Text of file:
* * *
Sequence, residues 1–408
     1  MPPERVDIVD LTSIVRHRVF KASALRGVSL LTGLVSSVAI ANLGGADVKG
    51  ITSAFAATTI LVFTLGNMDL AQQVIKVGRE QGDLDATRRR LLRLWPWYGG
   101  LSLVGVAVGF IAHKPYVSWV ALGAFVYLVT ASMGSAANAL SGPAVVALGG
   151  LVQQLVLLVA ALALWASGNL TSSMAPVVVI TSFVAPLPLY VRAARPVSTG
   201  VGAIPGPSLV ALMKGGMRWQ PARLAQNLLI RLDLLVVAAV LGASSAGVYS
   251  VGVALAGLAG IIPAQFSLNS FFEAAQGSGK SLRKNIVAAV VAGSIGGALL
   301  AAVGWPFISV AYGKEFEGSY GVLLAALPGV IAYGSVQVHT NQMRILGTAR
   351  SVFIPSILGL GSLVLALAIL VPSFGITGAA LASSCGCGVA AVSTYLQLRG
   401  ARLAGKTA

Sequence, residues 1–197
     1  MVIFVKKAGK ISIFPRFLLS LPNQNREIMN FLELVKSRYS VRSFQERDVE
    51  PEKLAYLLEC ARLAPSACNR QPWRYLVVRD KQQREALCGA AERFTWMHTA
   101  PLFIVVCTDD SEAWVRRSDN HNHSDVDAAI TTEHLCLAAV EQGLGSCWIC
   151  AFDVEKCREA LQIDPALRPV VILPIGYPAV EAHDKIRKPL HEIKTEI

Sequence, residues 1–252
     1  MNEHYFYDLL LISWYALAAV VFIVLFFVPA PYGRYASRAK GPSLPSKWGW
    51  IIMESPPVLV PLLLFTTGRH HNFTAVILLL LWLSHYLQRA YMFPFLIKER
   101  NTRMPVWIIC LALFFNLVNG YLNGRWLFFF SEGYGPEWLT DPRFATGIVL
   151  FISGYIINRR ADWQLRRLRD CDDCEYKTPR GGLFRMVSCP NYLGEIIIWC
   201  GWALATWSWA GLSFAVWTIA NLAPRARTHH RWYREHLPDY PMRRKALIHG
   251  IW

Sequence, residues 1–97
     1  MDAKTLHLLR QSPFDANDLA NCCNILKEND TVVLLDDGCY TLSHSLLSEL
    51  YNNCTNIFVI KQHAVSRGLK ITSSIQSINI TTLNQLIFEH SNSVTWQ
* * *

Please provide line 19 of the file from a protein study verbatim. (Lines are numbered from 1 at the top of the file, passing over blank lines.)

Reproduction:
   101  NTRMPVWIIC LALFFNLVNG YLNGRWLFFF SEGYGPEWLT DPRFATGIVL